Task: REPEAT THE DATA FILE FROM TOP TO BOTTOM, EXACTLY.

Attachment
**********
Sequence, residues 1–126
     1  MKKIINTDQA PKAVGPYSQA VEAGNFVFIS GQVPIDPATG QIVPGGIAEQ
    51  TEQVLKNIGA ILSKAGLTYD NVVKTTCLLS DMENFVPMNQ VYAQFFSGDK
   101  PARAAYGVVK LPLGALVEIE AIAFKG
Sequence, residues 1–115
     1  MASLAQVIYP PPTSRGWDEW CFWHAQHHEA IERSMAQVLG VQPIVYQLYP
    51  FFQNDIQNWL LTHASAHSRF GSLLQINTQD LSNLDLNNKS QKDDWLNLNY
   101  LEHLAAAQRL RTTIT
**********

Sequence, residues 1–126
     1  MKKIINTDQA PKAVGPYSQA VEAGNFVFIS GQVPIDPATG QIVPGGIAEQ
    51  TEQVLKNIGA ILSKAGLTYD NVVKTTCLLS DMENFVPMNQ VYAQFFSGDK
   101  PARAAYGVVK LPLGALVEIE AIAFKG
Sequence, residues 1–115
     1  MASLAQVIYP PPTSRGWDEW CFWHAQHHEA IERSMAQVLG VQPIVYQLYP
    51  FFQNDIQNWL LTHASAHSRF GSLLQINTQD LSNLDLNNKS QKDDWLNLNY
   101  LEHLAAAQRL RTTIT